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Jurify has an ambitious goal to improve access to legal research and convince non-lawyers and lawyers alike to offload their expertise into a database of free or cheap information. And it’s launching today.

Think of it as a Wikipedia for the law. By crowdsourcing the curation and information-gathering process, the startup plans to slash subscription fees for legal research.

The founders, Erik and Nicole Lopez (husband and wife, who are both graduates of law school), don’t buy into the evil lawyer stereotype. In fact, they are hedging their careers on the community’s willingness to improve access to justice. Nicole is a former attorney and left her steady job in January 2011. They developed the site on evenings and weekends for several years and launched the beta this October.


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On the site, attorneys are rewarded with recognition through direct attribution as well as placement in a practice-specific list of the top attorneys. “Jurify gives content creators more bang for their buck in the form of potential business and a boost to their careers,” said Nicole, the company’s COO.

To ensure that information is factually accurate, submissions will be vetted by credible attorneys — “they aren’t compensated with money but with recognition,” added Erik.

The Lopezes plan to deliver this legal information to lawyers and the public-at-large at little or no cost. It is organized by topic (“according to the way that people think,” the founders explained) and is designed to make sense of the abundant legal resources that are already available on the web from statutes, regulations, cases, white papers, and articles.

To succeed, the founders will need to reach a critical mass of users. It seems somewhat implausible that a lawyer, or any professional for that matter, would donate their time and hard-earned expertise to a research project. However, lawyers from the growing number of small practices may get on board if it proves to be a means to reach potential clients.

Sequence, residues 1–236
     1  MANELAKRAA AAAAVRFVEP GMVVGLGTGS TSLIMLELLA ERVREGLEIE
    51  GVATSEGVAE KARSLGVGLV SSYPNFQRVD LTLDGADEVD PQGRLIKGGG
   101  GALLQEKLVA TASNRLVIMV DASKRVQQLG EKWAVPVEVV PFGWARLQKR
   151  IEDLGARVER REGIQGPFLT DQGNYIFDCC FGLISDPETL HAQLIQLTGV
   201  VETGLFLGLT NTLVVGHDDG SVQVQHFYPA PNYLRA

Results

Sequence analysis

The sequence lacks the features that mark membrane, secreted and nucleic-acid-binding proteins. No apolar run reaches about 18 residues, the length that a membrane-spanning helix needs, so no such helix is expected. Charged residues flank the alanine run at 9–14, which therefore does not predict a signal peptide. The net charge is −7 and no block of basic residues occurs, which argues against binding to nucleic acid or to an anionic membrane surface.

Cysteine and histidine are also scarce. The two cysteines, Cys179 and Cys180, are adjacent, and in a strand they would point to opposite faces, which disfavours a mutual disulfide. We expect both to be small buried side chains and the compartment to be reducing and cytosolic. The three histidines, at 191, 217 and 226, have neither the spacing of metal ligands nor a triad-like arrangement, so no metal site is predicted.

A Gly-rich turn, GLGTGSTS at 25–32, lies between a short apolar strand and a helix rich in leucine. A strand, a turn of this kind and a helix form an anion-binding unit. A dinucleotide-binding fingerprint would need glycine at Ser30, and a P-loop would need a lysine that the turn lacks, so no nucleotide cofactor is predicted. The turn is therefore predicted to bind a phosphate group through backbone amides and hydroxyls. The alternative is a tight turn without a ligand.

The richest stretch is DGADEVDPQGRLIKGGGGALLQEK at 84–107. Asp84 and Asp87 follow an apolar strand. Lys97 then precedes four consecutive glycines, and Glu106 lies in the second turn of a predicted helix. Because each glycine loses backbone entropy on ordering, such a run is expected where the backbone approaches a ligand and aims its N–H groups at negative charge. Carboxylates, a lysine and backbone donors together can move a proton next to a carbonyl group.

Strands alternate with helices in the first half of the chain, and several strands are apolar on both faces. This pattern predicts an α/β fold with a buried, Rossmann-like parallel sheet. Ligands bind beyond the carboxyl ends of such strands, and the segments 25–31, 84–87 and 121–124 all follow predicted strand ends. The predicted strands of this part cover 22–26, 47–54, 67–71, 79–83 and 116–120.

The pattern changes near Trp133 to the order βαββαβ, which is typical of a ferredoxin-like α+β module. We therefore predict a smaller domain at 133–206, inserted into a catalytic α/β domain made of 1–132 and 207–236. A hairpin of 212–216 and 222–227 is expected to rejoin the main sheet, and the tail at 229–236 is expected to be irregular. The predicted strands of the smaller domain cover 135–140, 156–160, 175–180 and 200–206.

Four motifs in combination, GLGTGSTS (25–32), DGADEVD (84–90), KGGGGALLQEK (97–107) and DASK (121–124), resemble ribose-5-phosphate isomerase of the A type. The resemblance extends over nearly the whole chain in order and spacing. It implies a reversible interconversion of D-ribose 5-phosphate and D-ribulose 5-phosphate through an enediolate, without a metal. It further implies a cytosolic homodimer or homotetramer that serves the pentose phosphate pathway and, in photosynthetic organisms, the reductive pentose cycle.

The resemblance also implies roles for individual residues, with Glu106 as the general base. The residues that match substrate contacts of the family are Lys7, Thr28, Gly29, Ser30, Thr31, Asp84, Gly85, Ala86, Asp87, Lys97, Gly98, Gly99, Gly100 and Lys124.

In addition, the founding team have tapped into their network to sign-up members from prestigious law firms, such as Baker & McKenzie, Jones Day, Wilson, Sonsini, Weil Gotshal, and Kirkland & Ellis. According to the founders, lawyers from Silicon Valley tech behemoths like Oracle and Yahoo will also offer their expertise — no doubt, the information they provide will prove useful to entrepreneurs.

This isn’t the first attempt to disrupt the legal research space. Premium services LexisNexis and Westlaw dominate the market, but are highly expensive, deeply technical, and are not often used by non-lawyers. The information on these sites has been extensively reviewed by armies of well-paid attorneys.

Legal-tech companies like AttorneyFee, which is slowly dismantling the monopoly of the white-shoe law firms, LegalZoom and RocketLawyer, both online legal document providers, are paving the way for young startups in this space. With a goal to democratize the law, Jurify, BriefMine and MyRight have all launched in the past three months.

However, as VentureBeat reported, the market is a tough nut to crack. Venture capital funding is scarce, and few founders have the legal and technology domain expertise that is typically required.

Jurify, a Dallas-based company, has raised a small funding found from angel investors based in Chicago.

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